UC Davis School of Veterinary Medicine Veterinary Genetics Laboratory

Mushroom Dilution of Shetland Ponies

Discovered at the Veterinary Genetics Laboratory

 

Order this test on MyVGL

Mushroom is a dilute coat color found in Shetland Ponies that is characterized by a distinctive sepia-toned body hair color, often accompanied by a flaxen mane and tail. The mushroom phenotype shows wide variation in shade and has similarities to cream and silver dilutions, although it is genetically distinct from both. Mushroom dilutes red pigment (pheomelanin) and thus the dilute phenotype is most obvious on a chestnut base color (Figure 1).


Photo Credits:Christine Mirjam Sørli and Maria Tammi

Figure 1. Mushroom dilution of the coat, mane and tail. The pony on the left is chestnut and the pony on the right is mushroom. Two copies of the mushroom variant in a chestnut pony dilute the red pigment of the coat, mane and tail.


Researchers at the Veterinary Genetics Laboratory and the University of Bern investigated the molecular basis of mushroom color dilution and identified a single nucleotide change in a pigmentation gene that explains this phenotype. Pedigree analysis suggests an autosomal recessive mode of inheritance for mushroom dilution. This means that the phenotype occurs in both males and females but only chestnut ponies with two copies of the mushroom variant have the characteristic mushroom dilute phenotype. Recent work at the Veterinary Genetics Laboratory suggests that bay horses homozygous for the mushroom variant may also have altered pigmentation in the coat.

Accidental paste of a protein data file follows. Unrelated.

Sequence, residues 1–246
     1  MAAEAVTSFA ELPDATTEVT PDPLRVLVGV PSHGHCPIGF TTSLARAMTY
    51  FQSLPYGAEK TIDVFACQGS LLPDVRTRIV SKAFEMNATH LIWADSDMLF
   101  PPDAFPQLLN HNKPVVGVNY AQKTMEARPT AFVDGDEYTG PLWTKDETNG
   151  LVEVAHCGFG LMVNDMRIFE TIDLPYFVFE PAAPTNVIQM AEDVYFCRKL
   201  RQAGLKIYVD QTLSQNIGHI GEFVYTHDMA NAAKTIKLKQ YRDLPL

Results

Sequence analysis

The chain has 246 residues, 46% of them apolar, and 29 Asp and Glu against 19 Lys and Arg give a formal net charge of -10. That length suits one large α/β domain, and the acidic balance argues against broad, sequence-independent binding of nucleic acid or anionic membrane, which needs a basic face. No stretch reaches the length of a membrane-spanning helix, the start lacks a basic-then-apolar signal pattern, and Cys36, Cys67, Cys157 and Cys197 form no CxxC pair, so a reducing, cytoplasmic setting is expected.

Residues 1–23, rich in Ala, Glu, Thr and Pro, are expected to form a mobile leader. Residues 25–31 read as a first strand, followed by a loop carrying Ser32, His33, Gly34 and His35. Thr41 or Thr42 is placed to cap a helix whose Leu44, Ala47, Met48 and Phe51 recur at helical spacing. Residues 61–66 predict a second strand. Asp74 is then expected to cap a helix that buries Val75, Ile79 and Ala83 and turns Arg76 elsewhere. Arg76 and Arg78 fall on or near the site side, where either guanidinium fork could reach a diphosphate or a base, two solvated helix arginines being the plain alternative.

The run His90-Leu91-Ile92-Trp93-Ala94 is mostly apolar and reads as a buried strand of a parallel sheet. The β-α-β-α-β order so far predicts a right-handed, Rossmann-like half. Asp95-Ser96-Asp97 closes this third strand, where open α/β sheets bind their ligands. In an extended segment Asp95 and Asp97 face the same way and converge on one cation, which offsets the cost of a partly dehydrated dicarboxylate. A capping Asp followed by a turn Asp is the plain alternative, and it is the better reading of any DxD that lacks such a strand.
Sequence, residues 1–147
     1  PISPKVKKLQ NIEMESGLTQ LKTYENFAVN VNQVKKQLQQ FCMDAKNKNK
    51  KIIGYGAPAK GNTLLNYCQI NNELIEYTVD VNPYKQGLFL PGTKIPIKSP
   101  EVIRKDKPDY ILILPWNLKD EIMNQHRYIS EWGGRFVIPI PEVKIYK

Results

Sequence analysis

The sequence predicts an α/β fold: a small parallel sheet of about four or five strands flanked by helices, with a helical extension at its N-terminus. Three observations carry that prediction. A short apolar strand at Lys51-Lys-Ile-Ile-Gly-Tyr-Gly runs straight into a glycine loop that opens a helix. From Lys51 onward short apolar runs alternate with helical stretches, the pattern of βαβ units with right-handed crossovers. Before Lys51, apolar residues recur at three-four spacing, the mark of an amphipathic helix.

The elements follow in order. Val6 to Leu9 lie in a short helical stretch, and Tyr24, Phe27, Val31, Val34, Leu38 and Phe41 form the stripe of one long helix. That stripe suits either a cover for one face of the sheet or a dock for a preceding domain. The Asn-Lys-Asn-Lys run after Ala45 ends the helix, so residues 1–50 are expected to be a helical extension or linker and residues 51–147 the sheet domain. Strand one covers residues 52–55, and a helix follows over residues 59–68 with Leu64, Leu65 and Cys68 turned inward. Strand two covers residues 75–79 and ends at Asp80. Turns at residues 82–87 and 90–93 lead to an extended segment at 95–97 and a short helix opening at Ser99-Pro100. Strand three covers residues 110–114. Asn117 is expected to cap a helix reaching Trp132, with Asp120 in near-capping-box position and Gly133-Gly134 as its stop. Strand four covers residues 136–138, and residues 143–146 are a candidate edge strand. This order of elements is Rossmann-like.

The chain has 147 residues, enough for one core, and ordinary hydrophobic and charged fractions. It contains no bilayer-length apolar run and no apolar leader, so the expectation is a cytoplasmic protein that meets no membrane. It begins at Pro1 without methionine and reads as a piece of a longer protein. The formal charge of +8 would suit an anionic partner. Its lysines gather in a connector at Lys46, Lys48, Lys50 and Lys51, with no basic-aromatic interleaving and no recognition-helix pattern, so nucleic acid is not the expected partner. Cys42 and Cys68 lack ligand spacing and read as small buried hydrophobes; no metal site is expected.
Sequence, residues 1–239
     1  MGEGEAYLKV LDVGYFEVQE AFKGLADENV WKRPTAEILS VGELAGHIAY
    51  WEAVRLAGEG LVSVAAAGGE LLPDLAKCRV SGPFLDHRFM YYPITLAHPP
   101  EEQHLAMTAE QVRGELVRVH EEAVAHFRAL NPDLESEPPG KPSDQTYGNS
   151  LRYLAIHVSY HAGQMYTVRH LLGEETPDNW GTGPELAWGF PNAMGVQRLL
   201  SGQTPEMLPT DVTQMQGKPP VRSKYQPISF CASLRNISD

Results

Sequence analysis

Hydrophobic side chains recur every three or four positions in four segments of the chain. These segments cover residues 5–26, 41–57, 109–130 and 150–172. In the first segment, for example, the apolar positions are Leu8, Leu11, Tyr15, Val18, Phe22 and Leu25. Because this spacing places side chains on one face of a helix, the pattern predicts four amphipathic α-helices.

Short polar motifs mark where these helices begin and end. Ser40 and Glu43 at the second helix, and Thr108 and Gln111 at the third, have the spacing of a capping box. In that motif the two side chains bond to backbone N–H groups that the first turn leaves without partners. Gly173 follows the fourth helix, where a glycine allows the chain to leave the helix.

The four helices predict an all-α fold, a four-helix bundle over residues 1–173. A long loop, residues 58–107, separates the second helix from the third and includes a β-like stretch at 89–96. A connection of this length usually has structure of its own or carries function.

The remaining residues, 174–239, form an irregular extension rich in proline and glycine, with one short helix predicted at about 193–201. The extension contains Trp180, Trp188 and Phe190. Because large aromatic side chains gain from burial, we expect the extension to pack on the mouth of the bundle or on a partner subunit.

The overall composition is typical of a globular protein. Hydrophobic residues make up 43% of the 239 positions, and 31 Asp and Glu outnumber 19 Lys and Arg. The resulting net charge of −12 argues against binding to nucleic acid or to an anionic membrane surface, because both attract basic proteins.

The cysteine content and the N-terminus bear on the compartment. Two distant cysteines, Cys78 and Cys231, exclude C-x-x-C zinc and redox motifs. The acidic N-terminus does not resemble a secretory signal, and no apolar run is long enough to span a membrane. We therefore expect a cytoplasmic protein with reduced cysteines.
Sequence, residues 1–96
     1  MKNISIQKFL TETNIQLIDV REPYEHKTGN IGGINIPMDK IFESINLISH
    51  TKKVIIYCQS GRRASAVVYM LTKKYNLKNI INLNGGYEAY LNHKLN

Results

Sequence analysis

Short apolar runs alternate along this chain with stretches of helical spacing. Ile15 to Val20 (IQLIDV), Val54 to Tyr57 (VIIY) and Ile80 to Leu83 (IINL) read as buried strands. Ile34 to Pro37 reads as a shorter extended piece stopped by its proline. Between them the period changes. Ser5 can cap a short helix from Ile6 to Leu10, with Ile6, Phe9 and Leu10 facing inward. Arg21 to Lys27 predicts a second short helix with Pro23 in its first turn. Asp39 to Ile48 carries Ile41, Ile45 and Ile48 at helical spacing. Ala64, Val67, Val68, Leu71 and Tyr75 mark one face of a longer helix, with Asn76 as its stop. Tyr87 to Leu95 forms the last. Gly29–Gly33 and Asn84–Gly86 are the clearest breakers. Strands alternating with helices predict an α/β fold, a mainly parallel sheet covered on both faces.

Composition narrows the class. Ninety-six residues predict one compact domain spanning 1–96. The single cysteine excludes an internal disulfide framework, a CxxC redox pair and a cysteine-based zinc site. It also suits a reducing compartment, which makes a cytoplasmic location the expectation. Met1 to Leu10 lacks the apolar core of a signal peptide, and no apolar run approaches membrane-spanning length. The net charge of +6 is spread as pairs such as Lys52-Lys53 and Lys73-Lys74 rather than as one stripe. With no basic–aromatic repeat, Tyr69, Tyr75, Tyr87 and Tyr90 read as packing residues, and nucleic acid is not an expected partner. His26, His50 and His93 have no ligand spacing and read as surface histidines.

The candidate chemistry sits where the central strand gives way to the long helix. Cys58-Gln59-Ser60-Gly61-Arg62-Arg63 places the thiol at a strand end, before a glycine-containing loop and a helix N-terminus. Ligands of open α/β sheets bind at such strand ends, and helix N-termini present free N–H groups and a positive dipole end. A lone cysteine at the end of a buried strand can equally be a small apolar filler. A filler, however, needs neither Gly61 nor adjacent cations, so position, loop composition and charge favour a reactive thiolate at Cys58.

The VGL offers a DNA test for mushroom color dilution. Test results help owners make breeding decisions. If the mushroom phenotype is desired, it is advisable to breed mushroom ponies to each other (e/e, Mu/Mu genotypes). Mating of two chestnut mushroom carriers (e/e, Mu/N genotypes) will result in a 25% chance of producing a mushroom pony. Testing for Mushroom and other coat color genes at the VGL (Agouti, Red Factor, Silver, Dun, Cream) will help owners to distinguish mushroom ponies from similar phenotypes caused by other genes.


Testing recommended for: Shetland Pony


Results reported as:


N/N

No copies of mushroom variant detected.

Mu/N

1 copy of mushroom variant detected. Pony is a carrier and not dilute. If chestnut, it can produce mushroom foals when bred to the appropriate mate.

Mu/Mu

2 copies of mushroom variant detected. Chestnut ponies with this genotype have mushroom coat color.

References:


Frederiksen AG (2011). Genetic testing of silver Shetland Ponies for allelic variants of MC1R, ASIP and PMEL17 (Master’s Thesis). University of Copenhagen, Copenhagen, Denmark.


Sponenberg P & Bellone RR (2017). Equine Color Genetics, 4th Edition. Hoboken, NJ: Wiley-Blackwell.


Tanaka J, Mack M, Leeb T, Flury C, Backmann I, Penedo MCT & Bellone RR (2019). Genome Wide Association Study Identifies Locus for the Mushroom Coat Color Dilution in Shetland Ponies. XXVII Plant and Animal Genome Conference, San Diego. Abstract number W359.

 
Veterinary Genetics Laboratory, Tel 530-752-2211, Email VGL